In Nebraska, domestic violence against an intimate partner is specifically outlawed under its domestic assault statutes. An intimate partner is defined as a spouse, former spouse, person with whom the abuser has children, or a person whom the abuser is dating or has dated in the past. Read on to learn more.
Overview of Nebraska Domestic Violence Laws
Penalties for domestic assault against an intimate partner vary depending upon the severity of the crime. The Cornhusker State divides the crime into three separate degrees or levels depending upon the level of violence used.
The most serious type of domestic violence is first-degree domestic assault which consists of causing serious bodily injury to an intimate partner. Next is second-degree domestic assault which includes bodily injury with a dangerous instrument. An example which highlights the difference between these two levels of domestic violence is an abuser who breaks both of the victim's legs (serious bodily injury) versus an abuser who issues a non-fatal stab to the victim in the leg (bodily injury with a dangerous instrument).
It's important to note that these two levels of assault do have some degree of subjectivity and the ultimate outcome may vary on a case-by-case basis. The last level is third-degree domestic assault which consists of intentionally and knowingly causing bodily injury to an intimate partner or threatening an intimate partner in a menacing manner or with imminent bodily injury. Bodily injury under this category is not serious and does not involve the use of a dangerous weapon.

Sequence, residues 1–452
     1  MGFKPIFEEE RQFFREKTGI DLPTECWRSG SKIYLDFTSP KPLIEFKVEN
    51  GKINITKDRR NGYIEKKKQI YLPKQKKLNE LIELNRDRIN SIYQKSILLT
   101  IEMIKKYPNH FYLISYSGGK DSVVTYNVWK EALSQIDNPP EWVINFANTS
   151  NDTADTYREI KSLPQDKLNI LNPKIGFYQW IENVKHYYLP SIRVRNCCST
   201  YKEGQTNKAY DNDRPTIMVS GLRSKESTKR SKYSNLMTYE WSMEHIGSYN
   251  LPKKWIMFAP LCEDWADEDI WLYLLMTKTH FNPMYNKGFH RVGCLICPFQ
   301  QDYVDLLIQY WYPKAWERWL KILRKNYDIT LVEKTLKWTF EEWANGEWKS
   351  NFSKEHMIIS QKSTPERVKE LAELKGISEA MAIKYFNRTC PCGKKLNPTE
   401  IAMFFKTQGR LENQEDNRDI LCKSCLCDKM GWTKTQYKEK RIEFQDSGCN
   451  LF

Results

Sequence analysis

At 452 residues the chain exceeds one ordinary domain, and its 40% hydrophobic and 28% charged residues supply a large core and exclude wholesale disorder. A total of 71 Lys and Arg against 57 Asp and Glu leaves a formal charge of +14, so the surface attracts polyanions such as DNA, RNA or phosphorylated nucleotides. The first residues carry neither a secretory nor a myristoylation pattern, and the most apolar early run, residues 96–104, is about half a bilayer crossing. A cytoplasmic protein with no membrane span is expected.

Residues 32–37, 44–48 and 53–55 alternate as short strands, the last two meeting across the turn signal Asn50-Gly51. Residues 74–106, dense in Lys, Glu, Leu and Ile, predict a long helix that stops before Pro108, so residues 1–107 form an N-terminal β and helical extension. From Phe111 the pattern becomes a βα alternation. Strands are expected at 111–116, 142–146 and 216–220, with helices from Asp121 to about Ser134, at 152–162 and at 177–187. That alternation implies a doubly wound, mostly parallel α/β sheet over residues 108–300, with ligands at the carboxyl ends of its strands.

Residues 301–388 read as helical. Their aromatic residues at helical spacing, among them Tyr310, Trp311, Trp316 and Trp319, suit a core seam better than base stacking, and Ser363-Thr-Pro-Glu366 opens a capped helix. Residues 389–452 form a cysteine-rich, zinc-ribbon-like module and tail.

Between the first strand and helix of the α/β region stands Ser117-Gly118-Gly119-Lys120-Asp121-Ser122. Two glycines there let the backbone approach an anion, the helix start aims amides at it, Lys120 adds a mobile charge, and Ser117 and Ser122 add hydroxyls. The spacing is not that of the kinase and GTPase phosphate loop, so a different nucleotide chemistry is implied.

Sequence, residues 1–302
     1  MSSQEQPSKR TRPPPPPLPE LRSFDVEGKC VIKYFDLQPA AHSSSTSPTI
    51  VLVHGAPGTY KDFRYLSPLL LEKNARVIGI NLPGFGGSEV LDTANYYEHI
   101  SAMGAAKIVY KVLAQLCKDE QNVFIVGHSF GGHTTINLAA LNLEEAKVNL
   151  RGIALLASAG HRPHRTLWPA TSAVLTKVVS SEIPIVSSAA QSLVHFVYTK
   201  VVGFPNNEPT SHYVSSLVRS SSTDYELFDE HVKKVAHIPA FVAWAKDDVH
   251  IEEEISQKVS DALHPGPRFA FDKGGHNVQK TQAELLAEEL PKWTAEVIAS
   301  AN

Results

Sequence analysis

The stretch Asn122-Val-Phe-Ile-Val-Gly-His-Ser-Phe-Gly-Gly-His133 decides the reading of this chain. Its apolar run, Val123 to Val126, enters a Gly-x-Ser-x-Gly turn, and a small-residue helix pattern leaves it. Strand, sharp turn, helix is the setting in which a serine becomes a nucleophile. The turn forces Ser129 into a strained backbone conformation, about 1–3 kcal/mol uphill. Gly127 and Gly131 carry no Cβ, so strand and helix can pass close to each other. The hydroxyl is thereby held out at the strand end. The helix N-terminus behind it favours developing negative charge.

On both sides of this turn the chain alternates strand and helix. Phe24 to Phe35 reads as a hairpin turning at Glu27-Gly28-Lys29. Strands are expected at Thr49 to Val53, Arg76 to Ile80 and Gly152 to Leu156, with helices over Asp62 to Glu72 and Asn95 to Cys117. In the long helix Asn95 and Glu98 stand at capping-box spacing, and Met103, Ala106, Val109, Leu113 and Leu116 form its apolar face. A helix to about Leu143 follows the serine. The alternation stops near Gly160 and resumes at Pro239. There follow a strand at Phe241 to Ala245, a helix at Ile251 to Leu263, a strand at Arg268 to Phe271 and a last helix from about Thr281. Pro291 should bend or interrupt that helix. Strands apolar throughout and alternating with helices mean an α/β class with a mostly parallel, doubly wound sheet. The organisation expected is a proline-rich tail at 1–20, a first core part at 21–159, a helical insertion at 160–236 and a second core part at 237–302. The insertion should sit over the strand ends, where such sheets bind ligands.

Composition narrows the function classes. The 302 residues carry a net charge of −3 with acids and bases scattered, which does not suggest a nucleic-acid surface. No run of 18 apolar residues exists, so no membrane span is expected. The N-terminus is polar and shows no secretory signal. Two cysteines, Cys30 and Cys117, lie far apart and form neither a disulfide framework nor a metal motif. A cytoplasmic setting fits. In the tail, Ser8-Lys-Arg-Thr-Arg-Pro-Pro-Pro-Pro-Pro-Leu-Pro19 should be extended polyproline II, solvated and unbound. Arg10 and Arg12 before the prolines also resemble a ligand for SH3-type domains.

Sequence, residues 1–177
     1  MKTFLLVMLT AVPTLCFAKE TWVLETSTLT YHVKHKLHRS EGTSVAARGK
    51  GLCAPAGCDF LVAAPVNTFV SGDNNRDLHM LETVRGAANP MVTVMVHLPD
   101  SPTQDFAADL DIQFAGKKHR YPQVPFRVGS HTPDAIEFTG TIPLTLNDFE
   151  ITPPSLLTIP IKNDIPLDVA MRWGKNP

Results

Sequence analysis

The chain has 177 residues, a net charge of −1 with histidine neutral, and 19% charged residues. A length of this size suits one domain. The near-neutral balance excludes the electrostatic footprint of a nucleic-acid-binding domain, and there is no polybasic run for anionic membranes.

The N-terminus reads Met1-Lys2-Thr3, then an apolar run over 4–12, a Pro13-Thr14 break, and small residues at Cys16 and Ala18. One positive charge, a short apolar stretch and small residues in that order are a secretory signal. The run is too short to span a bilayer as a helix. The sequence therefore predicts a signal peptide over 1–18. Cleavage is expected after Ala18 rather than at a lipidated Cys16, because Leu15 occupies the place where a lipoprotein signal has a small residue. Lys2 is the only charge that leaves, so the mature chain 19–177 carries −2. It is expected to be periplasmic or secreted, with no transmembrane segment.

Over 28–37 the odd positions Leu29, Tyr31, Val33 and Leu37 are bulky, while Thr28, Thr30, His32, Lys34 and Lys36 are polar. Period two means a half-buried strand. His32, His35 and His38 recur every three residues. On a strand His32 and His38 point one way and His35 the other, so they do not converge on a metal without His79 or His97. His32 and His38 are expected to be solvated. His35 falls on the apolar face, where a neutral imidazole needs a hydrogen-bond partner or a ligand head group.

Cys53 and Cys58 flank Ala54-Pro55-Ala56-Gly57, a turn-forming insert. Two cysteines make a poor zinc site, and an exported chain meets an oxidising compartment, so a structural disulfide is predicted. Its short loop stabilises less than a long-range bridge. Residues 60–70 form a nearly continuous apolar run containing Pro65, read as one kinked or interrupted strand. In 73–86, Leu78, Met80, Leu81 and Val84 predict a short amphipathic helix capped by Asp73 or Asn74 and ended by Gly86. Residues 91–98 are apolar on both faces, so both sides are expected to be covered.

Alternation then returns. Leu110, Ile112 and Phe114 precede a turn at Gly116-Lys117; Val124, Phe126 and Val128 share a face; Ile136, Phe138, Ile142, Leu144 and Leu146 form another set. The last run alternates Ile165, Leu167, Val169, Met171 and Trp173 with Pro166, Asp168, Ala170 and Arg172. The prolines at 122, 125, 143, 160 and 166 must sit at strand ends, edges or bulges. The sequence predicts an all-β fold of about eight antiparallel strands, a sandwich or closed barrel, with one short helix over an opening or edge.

The penalty for domestic violence varies depending upon the degree of violence used and any prior offenses. Third-degree domestic assault is a Class 1 misdemeanor punishable by up to 1 year in prison and up to $1,000 in fines. However, if there was a prior conviction for threatening or intentionally causing bodily injury to an intimate partner, it is a Class 4 felony punishable by up to 5 year in prison and up to $10,000 in fines.
Second-degree domestic assault is a Class 3A felony which is also punishable by up to 5 years in prison and up to $10,000 in fines. A subsequent conviction is a Class 3 felony punishable by up to 20 years in prison and up to $25,000 in fines. Lastly, first-degree domestic assault is a Class 3 felony. However, a subsequent conviction is a Class 2 felony punishable by up to 50 years in prison.
If the victim of domestic assault is pregnant, the penalties are enhanced. For example, an abuser who would have been charged with a Class 3 felony would be charged with a Class 2 felony instead.
Getting Legal Help
If you're facing a domestic abuse charge or have violated an order of protection and need assistance, you can contact a Nebraska criminal defense attorney or public defender for help. If you are a domestic violence victim, various organizations also exist to assist domestic violence victims for no fee or a reduced fee.
Contact a qualified attorney.